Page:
Impossible Aerospace says it wants to re-imagine electric-powered flight, starting with its new US-1 drone.
Following a $9.4 million Series A funding round, Impossible Aerospace has unveiled the US-1, an electric commercial-grade drone with a flight time of up to two hours. Many drones of the same class can only fly for 25 minutes before they need to be recharged.
Impossible Aerospace says the US-1 is the first aircraft designed with a “battery-first approach,” which the company says is necessary to enable electric aircraft to compete with conventionally fuelled flight.
A flying battery
The US-1 is equipped with optical and thermal sensors and sales have already begun to firefighters, police departments, and search and rescue teams across the US.
Spencer Gore, CEO of Impossible Aerospace, said: “The US-1 is more than just a drone.
“It’s the first aircraft designed properly from the ground up to be electric, using existing battery cells without compromise.”
He added: “It’s not so much an aircraft as it is a flying battery, leveraging an energy source that doubles as its primary structure. This is how electric aircraft must be built if they are to compete with conventional designs and displace petroleum fuels in aviation.”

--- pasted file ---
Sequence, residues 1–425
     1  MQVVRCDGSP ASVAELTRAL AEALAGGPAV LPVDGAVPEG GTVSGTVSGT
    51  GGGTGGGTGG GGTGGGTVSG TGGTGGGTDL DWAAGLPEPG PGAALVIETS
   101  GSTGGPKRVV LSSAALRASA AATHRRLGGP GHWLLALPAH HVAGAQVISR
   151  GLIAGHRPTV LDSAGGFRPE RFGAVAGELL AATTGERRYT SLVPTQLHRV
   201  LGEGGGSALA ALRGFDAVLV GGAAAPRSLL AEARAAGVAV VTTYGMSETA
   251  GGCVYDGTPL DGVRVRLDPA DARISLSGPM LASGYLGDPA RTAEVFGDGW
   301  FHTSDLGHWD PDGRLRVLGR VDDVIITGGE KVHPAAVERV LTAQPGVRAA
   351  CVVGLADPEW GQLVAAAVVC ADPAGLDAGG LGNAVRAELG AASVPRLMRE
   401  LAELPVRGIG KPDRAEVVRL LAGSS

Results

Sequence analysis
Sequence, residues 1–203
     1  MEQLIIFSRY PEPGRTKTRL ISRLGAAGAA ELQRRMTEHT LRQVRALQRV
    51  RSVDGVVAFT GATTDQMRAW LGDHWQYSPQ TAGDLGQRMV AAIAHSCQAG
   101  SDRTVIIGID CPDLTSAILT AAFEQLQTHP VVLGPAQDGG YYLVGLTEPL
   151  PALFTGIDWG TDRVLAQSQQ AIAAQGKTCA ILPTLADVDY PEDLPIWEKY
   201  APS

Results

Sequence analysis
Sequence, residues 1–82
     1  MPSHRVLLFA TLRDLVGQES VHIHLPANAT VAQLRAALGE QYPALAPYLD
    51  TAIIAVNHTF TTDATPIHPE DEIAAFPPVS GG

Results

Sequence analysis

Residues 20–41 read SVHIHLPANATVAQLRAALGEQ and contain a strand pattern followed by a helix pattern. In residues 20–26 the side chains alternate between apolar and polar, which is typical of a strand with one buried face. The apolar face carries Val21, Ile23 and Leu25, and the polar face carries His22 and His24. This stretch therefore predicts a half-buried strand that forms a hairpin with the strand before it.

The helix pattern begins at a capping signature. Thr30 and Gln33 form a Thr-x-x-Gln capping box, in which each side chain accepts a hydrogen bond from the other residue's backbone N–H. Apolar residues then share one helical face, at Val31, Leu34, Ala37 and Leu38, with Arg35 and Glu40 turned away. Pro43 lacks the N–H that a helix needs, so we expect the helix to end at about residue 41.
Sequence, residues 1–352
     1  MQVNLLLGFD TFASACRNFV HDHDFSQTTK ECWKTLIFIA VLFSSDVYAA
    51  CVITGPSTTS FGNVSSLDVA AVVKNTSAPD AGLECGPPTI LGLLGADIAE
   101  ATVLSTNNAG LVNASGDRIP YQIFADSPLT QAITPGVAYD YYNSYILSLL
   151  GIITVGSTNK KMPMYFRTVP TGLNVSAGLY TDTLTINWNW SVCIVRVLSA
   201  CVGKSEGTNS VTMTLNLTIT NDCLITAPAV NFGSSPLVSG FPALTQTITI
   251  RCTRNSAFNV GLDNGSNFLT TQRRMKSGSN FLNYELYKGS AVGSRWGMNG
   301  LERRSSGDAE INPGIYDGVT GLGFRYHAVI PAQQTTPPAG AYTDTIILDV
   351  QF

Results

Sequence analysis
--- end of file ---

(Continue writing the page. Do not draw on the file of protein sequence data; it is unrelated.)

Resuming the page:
US-1 drones will be engineered and assembled entirely in the US in order to address privacy and security concerns, Impossible Aerospace says.
An electric future
Impossible Aerospace is “on a mission to assemble the highest performance aircraft possible with electric propulsion.” The company was founded in 2016 and is headquartered in Sunnyvale, California.
Investor, Greg Reichow, of Eclipse Ventures, said: “From both a cost and environmental standpoint, the future of aviation is electric. We invested in Impossible Aerospace because of their thoughtful and systematic approach to re-thinking the fundamentals of electric aircraft. Our first product, the US-1, outperforms existing solutions in a market crying out for reliable, domestically-manufactured long-duration aircraft, while validating the technology required to build aircraft of the future.”